Thursday, 12 January 2012

The sanctuary experience

Before the festive holidays I was feeling run down and struggled to get through the last weeks. On advice of a friend I booked myself into the Sanctuary in London, a sort of beauty spa place I was vaguely aware of but never really entertained going to.

It was an interesting experience.

Before going my imagination went wild, as it does, and I painted a picture in my mind of a sort of sacred place, as the name suggests, where women can be themselves, tune into their bodies and nurture their souls. A place where we sisters can let go of the pressures of the outside world, where we put to rest our duties of super woman, super mum, and multi juggling and holding being.

The reality was more of a well run for profit organisation selling us women the idea that 'we are worth it', as the famous add says, whilst their tills ring in delight. A lot of women seemed to be going in groups to have a 'good old girlie chat' and hang out together. I imagined something a bit more introspective and quiet.

And what really bugged me were the women's magazine all over the place selling an image of a woman that we all know really does not exist. But that image plays nasty tricks un our subconscious. Not surprising then perhaps that women in the spa did not go naked, as I imagined, but hid their bodies in bikini, for those with fitter bodies, or swim suit for those with more flesh to the bone, which in turn were tightly wrapped up in a thick bathrobe.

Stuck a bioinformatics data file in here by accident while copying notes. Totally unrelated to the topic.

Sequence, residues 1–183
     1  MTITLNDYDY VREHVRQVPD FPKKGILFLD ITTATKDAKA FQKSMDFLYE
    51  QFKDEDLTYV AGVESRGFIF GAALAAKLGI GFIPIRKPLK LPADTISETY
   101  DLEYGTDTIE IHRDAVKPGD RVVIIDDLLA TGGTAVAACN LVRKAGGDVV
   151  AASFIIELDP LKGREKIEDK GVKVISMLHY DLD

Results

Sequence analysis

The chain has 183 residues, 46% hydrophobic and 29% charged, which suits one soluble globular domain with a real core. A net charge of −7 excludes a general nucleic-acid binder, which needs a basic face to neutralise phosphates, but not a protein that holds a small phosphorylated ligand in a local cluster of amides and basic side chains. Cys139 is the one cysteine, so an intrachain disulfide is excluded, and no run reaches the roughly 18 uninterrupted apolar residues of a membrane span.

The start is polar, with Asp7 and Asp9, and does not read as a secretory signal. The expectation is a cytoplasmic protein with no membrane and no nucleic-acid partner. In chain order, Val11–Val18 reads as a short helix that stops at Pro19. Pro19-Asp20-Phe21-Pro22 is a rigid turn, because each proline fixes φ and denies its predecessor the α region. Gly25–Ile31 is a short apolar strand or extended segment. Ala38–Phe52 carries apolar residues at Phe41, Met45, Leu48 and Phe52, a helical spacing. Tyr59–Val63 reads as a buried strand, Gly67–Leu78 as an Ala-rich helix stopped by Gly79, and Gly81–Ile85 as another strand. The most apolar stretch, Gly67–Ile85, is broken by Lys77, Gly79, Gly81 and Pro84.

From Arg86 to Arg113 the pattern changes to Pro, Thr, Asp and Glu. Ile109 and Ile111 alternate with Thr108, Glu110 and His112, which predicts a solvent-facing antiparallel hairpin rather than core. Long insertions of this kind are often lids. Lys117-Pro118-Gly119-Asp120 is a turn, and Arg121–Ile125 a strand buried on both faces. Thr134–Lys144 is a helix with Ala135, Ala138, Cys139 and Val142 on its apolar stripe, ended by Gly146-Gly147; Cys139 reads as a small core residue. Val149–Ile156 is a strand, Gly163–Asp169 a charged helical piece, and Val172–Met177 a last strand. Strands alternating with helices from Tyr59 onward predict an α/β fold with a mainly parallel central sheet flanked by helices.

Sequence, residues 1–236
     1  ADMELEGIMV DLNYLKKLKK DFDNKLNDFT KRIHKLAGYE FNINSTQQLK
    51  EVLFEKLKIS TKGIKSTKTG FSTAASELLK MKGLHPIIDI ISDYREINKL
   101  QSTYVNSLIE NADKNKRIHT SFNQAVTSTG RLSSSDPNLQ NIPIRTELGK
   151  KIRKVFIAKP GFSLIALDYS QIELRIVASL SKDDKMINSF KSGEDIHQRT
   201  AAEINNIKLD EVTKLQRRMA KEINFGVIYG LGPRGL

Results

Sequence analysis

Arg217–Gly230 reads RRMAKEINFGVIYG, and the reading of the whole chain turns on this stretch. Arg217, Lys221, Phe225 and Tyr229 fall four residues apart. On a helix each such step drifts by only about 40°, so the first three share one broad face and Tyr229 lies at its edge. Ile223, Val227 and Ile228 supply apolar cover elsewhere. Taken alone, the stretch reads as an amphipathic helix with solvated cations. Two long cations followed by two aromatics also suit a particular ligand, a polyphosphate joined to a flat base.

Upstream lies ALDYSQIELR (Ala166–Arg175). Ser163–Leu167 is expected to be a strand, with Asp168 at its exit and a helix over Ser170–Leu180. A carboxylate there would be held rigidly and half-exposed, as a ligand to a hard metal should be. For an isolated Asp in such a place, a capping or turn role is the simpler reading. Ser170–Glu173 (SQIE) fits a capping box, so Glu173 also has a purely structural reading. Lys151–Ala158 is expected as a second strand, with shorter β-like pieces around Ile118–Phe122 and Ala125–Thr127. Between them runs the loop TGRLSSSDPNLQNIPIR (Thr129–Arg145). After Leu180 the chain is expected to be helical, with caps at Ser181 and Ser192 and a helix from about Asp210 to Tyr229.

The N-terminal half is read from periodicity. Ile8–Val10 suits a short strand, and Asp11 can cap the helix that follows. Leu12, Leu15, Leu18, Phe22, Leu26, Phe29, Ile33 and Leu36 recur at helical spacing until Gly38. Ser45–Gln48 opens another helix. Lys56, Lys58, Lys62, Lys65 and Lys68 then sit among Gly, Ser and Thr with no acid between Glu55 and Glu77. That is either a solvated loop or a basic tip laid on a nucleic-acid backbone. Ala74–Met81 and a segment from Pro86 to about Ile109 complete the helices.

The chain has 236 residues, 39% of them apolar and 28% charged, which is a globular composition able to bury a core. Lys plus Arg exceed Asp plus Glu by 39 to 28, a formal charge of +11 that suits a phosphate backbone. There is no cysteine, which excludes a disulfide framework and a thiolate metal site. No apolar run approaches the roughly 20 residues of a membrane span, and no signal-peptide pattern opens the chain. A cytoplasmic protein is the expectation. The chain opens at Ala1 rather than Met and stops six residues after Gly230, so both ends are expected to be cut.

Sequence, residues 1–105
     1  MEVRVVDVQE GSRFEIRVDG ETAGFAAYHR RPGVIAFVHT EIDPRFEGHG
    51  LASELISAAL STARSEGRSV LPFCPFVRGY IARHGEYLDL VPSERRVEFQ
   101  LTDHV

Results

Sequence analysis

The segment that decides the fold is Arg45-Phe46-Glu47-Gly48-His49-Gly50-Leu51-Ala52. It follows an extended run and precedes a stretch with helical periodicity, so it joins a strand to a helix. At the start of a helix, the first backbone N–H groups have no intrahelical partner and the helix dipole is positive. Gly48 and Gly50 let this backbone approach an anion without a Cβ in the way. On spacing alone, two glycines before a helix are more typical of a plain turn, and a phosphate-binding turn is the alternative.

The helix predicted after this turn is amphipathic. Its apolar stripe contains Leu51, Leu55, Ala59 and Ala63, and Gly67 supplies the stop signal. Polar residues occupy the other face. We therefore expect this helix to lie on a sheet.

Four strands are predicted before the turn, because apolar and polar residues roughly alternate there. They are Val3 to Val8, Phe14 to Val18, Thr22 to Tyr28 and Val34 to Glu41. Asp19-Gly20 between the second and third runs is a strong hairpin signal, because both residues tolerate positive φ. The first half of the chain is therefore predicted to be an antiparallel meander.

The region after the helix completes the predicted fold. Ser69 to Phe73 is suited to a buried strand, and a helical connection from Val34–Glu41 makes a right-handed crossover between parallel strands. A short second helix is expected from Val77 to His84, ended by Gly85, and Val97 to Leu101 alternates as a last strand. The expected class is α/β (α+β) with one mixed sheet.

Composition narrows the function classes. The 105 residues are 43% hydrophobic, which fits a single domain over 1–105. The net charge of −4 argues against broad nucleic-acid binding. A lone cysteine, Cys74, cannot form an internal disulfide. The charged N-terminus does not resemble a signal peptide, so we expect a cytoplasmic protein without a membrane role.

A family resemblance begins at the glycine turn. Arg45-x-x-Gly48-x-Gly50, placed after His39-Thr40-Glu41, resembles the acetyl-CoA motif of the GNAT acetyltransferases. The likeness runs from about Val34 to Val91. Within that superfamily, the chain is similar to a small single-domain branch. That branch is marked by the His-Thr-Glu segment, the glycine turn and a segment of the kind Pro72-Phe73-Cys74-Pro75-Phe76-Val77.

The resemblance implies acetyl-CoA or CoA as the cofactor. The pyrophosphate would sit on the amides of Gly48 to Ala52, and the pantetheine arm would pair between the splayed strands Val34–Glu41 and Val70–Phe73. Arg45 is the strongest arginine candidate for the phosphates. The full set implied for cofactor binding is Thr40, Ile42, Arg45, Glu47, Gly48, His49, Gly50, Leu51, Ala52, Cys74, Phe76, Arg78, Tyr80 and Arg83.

I left feeling a bit sad. Yes I did have a nice treatment that loosened up my stiff muscles, and I did enjoy the pools and the sauna and I managed to get through my last days of work in a much better shape but I was wondering what kind of image haunts women and how the beauty industry makes money out of women's insecurities.

Where is the wolf woman? Where is our wild side? What happened to our power of presence, with curves, bones, wrinkles, creases, dents, and stretchmarks, whatever the landscape of our body?

Will we ever banish the pin up girl?


  1. I wonder if instead of having to choose between wolf woman and the pin up we could allow ourselves to be a mixture of both? I certainly feel most happy in myself when I nurture my aspects of both, embracing the strange wildness and natural allure of my body but able to recognise the aesthetic beauty of it groomed too. I think what makes it difficult for women to turn away from society's obsession with glamour is that feminist thought has tended to take the opposite view, positioning the wild wolf woman as morally 'superior' to the self beautified of the pin up, but it's not so simple for us in real life, we want to be strong and natural but also as gorgeous as we can be.

  2. It is not so much about choosing either/or but more about beauty in difference and beauty from within. The pin-up is just a bit one-dimensional, that's all.